Former President A.P.J. Abdul Kalam has called for a special initiative for providing safe drinking water for all.
Speaking at the two-day international conference on “water partnerships towards meeting the climate challenge,” organised by the Centre of Excellence for Change, in association with UNICEF and Government of Tamil Nadu, here on Wednesday, he lamented that 3.5 million deaths occurred in the world in a year due to unclean drinking water. “As many as seven persons are killed by this every minute.”
In India alone, 1600 persons died of diarrohea every year. Hence, he pleaded that provision of safe drinking water should be undertaken as a “societal mission.” He wanted linking of all the rivers to tide over water scarcity.
He hailed the Siruthuli experiment undertaken in Coimbatore.
He also wanted each user of the water body to become a stakeholder in its maintenance.
For these things to happen, he pleaded for “attitudinal change” and “partnerships” of various kinds. He said he was happy to note that the multi-government departmental partnership with the Tamil Nadu Agricultural University forged in a project of the Tamil Nadu Government had proved extremely successful in terms of improving water sources and also productivity.
Similarly, he congratulated the Gujarat Government for its consistent agricultural growth rate of nine per cent, thrice the national average, saying that the main reason was the farm-level water conservation and maintenance and large scale community participation in the maintenance of 3,50,000 minor water bodies.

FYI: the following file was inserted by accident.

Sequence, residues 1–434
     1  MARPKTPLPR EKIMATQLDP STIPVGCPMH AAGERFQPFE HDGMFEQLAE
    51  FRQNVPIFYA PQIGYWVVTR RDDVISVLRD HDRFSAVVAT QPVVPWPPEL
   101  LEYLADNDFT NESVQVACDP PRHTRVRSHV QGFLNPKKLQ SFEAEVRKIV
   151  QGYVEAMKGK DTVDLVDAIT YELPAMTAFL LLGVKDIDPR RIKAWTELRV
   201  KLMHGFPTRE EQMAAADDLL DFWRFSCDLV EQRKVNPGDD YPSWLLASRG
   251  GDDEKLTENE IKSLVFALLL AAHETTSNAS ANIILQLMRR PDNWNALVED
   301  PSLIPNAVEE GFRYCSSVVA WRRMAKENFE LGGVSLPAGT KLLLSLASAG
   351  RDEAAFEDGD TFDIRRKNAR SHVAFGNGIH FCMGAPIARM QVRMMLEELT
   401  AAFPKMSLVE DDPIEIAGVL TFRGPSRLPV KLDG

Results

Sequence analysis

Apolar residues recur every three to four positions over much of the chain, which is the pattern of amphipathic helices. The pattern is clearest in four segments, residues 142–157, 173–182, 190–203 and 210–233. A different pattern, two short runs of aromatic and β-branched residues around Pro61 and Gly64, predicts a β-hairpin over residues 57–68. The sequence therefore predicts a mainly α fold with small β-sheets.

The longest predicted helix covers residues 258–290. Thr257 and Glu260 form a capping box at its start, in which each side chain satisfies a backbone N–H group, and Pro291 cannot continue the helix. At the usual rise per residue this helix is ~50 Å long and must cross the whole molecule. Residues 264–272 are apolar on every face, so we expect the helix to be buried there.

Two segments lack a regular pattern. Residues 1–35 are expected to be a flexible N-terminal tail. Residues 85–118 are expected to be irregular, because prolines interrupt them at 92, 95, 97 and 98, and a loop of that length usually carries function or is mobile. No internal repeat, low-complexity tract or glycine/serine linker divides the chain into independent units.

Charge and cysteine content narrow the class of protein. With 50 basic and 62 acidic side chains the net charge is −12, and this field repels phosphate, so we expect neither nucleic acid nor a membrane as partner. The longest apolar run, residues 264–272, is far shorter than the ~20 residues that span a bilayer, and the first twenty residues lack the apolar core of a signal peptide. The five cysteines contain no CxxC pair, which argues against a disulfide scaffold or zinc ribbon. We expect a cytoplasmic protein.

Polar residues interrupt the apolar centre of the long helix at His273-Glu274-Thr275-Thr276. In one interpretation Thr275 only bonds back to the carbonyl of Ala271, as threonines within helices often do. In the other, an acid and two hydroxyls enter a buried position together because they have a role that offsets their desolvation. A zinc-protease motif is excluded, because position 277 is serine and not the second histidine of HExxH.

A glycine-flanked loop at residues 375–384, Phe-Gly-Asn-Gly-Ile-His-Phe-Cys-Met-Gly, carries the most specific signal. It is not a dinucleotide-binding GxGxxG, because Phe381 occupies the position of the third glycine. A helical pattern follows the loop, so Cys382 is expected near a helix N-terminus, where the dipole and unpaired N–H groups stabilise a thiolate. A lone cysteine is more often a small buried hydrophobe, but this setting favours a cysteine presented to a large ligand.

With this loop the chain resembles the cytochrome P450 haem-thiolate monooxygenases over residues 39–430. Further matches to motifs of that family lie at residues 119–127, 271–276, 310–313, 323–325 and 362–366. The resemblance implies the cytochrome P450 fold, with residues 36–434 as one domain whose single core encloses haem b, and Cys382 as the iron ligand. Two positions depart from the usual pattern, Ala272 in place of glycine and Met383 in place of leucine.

Adverting to climate change, Mr. Kalam pleaded for evolution of Chennai and also making Tamil Nadu carbon-neutral by 2030.
Rajender Singh Tarun Bharat Singh, Ramon Magsaysay awardee, advocated revival of systems using indigenous knowledge. Even during ancient times, India had separate systems for drinking water and waste water.
“People should understand that water does not come through pipeline but through the rains,” he added. Most of the problems could not be solved by investment-based planning, he asserted.
Mr. Singh, who dwelt on “community driven decentralised management,” said it was important to understand that community action could have better impact in water management. He lamented that India did not know “how much water is available—surface level, subsurface level and underground.” The strategy was dominated by exploiting water resources without any connection to nature. “There should be a code of conduct of what to give and what to take from Nature.” Seven rivers in Rajasthan could be rejuvenated because of community's involvement. “While planning, the geo-cultural diversity should be respected.”
Mr. Rajinder Singh appealed to the engineering fraternity to give up its “arrogance of knowledge,” which separated them from the common villagers, and thus ensure “community governance.”